Researchers say concealed pregnancies persist and have not been relegated to the era of the Mother and Baby Homes

by Yolanda Kennedy

A major research programme by academics in the School of Nursing and Midwifery, Trinity College Dublin, will explore the experience of concealed pregnancy in contemporary Ireland. They hope the research findings will ensure these women's voices are heard and that policy can be shaped to respond appropriately to their needs. The researchers wish to speak to women who are currently keeping their pregnancy secret or have hidden a pregnancy in the past.

Researchers and experienced midwives, Sylvia Murphy Tighe, HRB Fellow and Midwifery Doctoral Student and Professor Joan Lalor, Associate Professor from the School of Nursing and Midwifery in Trinity have said that despite a popular belief that concealed pregnancies are a thing of the past from the era of the mother and baby homes, they are in fact an ongoing situation for many in Ireland today. They believe this is a situation that still needs our attention and understanding.

A concealed or hidden is a situation where a woman hides her pregnancy and keeps it secret from her family and social network. This can lead to delayed or no antenatal care, negative health outcomes or tragic consequences such as maternal or neonatal death.

Various research studies in Ireland along with the experiences of health professionals such as GPs, social workers, and crisis pregnancy counsellors, show that many women in Ireland continue to conceal their pregnancies for a variety of reasons. These studies have placed the numbers of concealed pregnancies between 1 in 403 (rural Ireland) and 1 in 625 cases (Dublin) where the pregnancy has been concealed up to 20 weeks. A 2012 case control study by the National University of Ireland, Galway found the prevalence rate even higher at 1 in 148 cases up to 20 weeks gestation.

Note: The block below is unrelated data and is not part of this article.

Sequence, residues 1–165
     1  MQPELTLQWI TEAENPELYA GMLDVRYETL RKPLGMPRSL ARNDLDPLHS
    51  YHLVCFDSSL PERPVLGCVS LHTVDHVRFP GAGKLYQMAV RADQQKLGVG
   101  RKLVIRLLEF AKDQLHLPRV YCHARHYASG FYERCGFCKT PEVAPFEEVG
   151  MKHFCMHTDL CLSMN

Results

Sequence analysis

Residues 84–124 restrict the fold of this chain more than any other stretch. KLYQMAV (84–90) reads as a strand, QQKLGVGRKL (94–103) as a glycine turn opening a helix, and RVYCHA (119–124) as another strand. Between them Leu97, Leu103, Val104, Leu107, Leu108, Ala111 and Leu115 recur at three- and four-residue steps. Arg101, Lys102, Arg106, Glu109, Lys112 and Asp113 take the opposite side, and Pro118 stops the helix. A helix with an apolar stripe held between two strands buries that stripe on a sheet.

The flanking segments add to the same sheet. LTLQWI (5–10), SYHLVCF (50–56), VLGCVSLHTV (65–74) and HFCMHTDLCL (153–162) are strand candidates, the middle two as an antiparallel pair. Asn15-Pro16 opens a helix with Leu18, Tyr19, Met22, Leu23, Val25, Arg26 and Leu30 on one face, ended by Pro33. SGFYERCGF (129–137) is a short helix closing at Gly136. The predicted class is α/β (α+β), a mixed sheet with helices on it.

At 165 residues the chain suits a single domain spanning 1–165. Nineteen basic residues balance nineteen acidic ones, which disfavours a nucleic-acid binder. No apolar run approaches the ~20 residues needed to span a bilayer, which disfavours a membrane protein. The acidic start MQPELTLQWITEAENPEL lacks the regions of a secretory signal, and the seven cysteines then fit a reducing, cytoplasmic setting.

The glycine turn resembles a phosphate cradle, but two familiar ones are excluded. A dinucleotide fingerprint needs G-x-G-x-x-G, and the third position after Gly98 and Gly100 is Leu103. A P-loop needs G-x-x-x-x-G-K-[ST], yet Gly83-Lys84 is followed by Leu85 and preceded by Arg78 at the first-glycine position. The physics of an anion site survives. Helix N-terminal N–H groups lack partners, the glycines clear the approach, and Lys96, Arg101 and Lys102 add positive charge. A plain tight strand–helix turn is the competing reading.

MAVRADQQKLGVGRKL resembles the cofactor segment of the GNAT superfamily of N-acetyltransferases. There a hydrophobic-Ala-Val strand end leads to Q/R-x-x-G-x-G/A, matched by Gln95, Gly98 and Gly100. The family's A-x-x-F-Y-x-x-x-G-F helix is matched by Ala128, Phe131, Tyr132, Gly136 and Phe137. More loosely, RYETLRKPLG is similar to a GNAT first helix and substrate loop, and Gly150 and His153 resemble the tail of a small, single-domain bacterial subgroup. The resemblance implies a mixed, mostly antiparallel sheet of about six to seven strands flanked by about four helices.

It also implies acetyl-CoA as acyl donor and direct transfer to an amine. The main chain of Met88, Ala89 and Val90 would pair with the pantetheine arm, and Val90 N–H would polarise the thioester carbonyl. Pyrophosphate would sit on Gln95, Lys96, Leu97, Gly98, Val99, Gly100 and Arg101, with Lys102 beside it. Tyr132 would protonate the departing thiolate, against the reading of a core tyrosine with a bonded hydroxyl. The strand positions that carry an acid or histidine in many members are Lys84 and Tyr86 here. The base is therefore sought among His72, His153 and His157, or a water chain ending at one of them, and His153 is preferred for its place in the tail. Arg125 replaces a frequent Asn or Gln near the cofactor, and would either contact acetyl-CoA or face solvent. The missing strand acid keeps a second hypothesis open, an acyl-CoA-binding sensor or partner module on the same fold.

Speaking about concealed pregnancies in Ireland, Ms Murphy Tighe said: "Many women and children suffered in the past from their experiences of mother and baby homes and other negative societal and familial responses to pregnancy. However, women are still keeping pregnancies secret in Ireland today and we need to get an understanding of the complex reasons behind this phenomenon so that we can respond more effectively."

Ms Murphy Tighe described the broad profile of women who conceal pregnancies: "There may be a sense in society that only teenagers conceal pregnancies. However, our research and the experience of midwives, social workers and GPs have confirmed that women of all ages, including older women and women within and outside of relationships may keep their pregnancy secret."

"The reasons for concealment vary widely and can include financial concerns, cultural and/or religious influences, power and dynamics in the relationship, domestic abuse, the lack of a partner or boyfriend, parental opinion and age," she continued.

Speaking about the needs of women who conceal pregnancies Professor Lalor said: "We know that a concealed pregnancy can be a difficult experience and sensitive time for the woman concerned. Despite guidelines there is a need for care pathways for women who wish to keep their pregnancy secret whilst also being able to access support and antenatal care. For too long healthcare professionals have shaped policy. It is now time to hear the voices and experiences of women so we can respond more effectively, help shape policy and assist in the development of care pathways for women in Ireland today."

Ms Tighe Murphy is appealing to women who have concealed a pregnancy in the past or who are currently keeping their pregnancy a secret to come forward and share their story. The research team would like to reassure women that all enquiries will be treated sensitively and in confidence. Sylvia Murphy Tighe can be contacted by email at smurphyt@tcd.ie or call/text 087-9817340.

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